- Transgender women, hormonal therapy and HIV treatment: a comprehensive review of the literature and recommendations for best practices. [Journal Article, Review]
- J Int AIDS Soc 2016; 19(3 Suppl 2):20810.
Studies have shown that transgender women (TGW) are disproportionately affected by HIV, with an estimated HIV prevalence of 19.1% among TGW worldwide. After receiving a diagnosis, HIV-positive TGW have challenges accessing effective HIV treatment, as demonstrated by lower rates of virologic suppression and higher HIV-related mortality. These adverse HIV outcomes have been attributed to the multiple sociocultural and structural barriers that negatively affect their engagement within the HIV care continuum. Guidelines for feminizing hormonal therapy among TGW recommend combinations of oestrogens and androgen blockers. Pharmacokinetic studies have shown that certain antiretroviral therapy (ART) agents, such as protease inhibitors (PIs), non-nucleoside reverse transcriptase inhibitors (NNRTIs) and cobicistat, interact with ethinyl estradiol, the key oestrogen component of oral contraceptives (OCPs). The goal of this article is to provide an overview of hormonal regimens used by TGW, to summarize the known drug-drug interactions (DDIs) between feminizing hormonal regimens and ART, and to provide clinical care recommendations.The authors identified English language articles examining DDIs between oestrogen therapy, androgen blockers and ART published between 1995 and 2015 using PubMed, Cumulative Index to Nursing and Allied Health Literature and EBSCOhost.Published articles predominantly addressed interactions between ethinyl estradiol and NNRTIs and PIs. No studies examined interactions between ART and the types and doses of oestrogens found in feminizing regimens. DDIs that may have the potential to result in loss of virologic suppression included ethinyl estradiol and amprenavir, unboosted fosamprenavir and stavudine. No clinically significant DDIs were noted with other anti-retroviral agents or androgen blockers.There are insufficient data to address DDIs between ART and feminizing hormone regimens used by TGW. There is an urgent need for further research in this area, specifically pharmacokinetic studies to study the direction and degree of interactions between oral, injectable and transdermal estradiol and ART. Clinicians need to be vigilant about possible interactions and monitor hormone levels if concerns arise. More research is also needed on the provision of hormone therapy and gender-affirming care on the long-term health outcomes of HIV-positive TGW.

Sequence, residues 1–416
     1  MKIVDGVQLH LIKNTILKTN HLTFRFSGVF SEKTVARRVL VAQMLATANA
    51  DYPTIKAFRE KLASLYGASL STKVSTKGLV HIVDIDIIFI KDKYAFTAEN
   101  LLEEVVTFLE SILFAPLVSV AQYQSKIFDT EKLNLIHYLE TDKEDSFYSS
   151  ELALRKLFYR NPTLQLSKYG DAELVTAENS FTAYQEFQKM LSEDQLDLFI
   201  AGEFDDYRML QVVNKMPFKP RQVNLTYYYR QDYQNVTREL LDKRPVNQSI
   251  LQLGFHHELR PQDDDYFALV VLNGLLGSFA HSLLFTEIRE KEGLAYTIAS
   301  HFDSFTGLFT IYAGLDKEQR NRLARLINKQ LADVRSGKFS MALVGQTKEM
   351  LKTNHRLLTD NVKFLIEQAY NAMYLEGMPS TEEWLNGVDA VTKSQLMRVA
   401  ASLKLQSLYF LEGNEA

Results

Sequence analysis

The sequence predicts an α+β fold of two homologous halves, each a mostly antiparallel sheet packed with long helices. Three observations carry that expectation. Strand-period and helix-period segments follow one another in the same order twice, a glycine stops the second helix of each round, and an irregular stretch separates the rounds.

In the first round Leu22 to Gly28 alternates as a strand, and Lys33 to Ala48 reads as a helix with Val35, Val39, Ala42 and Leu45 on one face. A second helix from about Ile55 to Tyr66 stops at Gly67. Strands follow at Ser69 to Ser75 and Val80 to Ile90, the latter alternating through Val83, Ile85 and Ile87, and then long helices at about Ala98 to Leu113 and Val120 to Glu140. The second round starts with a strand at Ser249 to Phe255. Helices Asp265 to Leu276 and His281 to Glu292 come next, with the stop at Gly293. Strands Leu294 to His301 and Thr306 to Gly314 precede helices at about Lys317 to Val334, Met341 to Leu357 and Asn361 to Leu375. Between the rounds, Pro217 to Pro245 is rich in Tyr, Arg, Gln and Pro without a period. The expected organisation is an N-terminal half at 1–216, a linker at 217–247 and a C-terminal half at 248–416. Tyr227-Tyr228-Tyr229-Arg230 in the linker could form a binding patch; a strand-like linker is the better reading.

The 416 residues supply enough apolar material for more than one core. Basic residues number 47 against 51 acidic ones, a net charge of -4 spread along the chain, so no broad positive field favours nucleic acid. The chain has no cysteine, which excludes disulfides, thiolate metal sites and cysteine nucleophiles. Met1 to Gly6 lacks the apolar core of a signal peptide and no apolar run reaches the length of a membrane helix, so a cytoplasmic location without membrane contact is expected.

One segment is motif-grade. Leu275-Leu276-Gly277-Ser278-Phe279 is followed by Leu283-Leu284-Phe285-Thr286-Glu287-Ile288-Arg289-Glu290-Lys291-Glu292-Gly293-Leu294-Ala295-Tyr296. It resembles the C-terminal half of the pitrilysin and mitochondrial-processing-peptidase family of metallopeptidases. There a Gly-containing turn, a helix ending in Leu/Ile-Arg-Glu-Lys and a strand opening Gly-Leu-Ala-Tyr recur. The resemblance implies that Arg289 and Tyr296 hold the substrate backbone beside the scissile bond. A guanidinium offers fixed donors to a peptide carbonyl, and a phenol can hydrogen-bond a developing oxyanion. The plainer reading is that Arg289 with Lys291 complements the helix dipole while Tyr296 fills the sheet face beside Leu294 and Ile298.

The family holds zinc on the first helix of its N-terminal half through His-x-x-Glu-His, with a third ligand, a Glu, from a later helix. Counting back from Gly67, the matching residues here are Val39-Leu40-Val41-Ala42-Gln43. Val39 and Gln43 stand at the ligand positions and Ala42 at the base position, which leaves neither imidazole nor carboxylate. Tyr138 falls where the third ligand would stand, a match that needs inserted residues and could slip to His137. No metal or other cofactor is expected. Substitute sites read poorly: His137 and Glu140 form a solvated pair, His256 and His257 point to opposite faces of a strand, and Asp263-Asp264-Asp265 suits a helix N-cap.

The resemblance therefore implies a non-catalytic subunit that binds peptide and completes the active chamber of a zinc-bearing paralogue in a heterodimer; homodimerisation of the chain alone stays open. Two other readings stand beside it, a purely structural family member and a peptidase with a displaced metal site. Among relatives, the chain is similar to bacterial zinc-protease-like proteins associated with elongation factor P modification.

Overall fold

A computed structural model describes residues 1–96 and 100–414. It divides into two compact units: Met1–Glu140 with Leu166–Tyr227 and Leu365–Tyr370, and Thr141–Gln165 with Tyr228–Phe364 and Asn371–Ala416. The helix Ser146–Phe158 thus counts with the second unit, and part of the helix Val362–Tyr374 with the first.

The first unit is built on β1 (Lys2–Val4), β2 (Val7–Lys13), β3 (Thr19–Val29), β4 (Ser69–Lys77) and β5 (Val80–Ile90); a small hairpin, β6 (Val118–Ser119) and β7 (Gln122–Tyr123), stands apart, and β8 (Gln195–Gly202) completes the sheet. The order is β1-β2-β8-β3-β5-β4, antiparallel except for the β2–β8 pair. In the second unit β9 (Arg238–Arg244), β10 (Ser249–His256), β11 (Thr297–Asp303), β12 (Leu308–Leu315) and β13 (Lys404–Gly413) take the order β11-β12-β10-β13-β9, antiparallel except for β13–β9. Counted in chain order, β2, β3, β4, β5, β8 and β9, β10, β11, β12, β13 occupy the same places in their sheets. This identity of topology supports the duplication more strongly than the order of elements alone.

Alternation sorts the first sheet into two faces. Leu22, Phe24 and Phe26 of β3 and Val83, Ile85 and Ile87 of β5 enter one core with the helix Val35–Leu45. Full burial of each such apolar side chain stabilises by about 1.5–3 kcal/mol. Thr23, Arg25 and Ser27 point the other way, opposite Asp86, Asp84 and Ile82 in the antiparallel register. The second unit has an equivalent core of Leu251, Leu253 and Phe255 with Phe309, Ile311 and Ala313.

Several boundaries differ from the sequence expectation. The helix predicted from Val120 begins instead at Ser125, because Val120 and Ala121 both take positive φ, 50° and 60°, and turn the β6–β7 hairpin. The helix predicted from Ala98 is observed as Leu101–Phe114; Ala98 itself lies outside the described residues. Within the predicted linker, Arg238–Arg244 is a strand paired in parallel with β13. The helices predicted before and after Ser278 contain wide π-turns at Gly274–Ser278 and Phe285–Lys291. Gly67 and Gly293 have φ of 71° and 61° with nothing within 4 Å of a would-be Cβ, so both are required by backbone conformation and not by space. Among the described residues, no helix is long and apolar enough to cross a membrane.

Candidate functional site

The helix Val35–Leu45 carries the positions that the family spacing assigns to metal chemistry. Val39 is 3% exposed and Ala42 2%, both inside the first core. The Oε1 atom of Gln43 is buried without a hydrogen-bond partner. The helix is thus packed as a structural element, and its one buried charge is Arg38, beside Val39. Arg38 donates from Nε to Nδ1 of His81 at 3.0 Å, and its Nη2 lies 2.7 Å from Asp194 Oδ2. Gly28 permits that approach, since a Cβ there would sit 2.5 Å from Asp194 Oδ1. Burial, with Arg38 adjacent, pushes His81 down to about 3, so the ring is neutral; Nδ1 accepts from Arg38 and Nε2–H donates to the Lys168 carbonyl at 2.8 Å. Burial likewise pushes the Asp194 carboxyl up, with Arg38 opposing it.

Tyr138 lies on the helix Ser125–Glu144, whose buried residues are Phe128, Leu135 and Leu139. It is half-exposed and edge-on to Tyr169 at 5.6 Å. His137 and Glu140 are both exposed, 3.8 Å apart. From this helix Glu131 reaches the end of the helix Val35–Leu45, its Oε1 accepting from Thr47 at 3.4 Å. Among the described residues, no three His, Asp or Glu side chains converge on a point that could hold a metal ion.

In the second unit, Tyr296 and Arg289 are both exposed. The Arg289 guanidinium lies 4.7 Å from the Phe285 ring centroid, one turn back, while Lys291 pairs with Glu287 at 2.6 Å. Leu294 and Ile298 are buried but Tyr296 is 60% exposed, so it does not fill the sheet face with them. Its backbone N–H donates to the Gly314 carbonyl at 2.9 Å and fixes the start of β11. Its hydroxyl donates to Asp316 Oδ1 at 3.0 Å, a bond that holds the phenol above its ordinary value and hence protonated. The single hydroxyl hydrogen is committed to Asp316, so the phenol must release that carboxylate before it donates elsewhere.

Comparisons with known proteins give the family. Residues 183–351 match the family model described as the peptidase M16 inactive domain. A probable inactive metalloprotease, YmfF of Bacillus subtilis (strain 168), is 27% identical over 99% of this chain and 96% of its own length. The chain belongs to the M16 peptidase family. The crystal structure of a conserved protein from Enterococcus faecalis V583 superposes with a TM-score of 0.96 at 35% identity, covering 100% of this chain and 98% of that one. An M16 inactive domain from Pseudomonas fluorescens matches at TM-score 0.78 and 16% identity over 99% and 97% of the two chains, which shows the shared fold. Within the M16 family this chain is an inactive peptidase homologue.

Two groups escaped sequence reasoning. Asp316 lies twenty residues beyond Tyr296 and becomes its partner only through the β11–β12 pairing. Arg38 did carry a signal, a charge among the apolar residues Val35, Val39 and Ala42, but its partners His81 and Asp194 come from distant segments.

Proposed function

- Environmental exposures and the development of systemic lupus erythematosus. [JOURNAL ARTICLE]
- Curr Opin Rheumatol 2016 Jul 13.
This review examines evidence relating environmental factors to the development of systemic lupus erythematosus (SLE).The strongest epidemiologic evidence exists for the associations of silica, cigarette smoking, oral contraceptives, postmenopausal hormone therapy and endometriosis, with SLE incidence. Recent studies have also provided robust evidence of the association between alcohol consumption and decreased SLE risk. There are preliminary, conflicting or unsubstantiated data that other factors, including air pollution, ultraviolet light, infections, vaccinations, solvents, pesticides and heavy metals such as mercury, are related to SLE risk. Biologic mechanisms linking environmental exposures and SLE risk include increased oxidative stress, systemic inflammation and inflammatory cytokine upregulation, and hormonal triggers, as well as epigenetic modifications resulting from exposure that could lead to SLE.Identifying the environmental risk factors related to risk of SLE is essential as it will lead to increased understanding of pathogenesis of this complex disease and will also make risk factor modification possible for those at increased risk.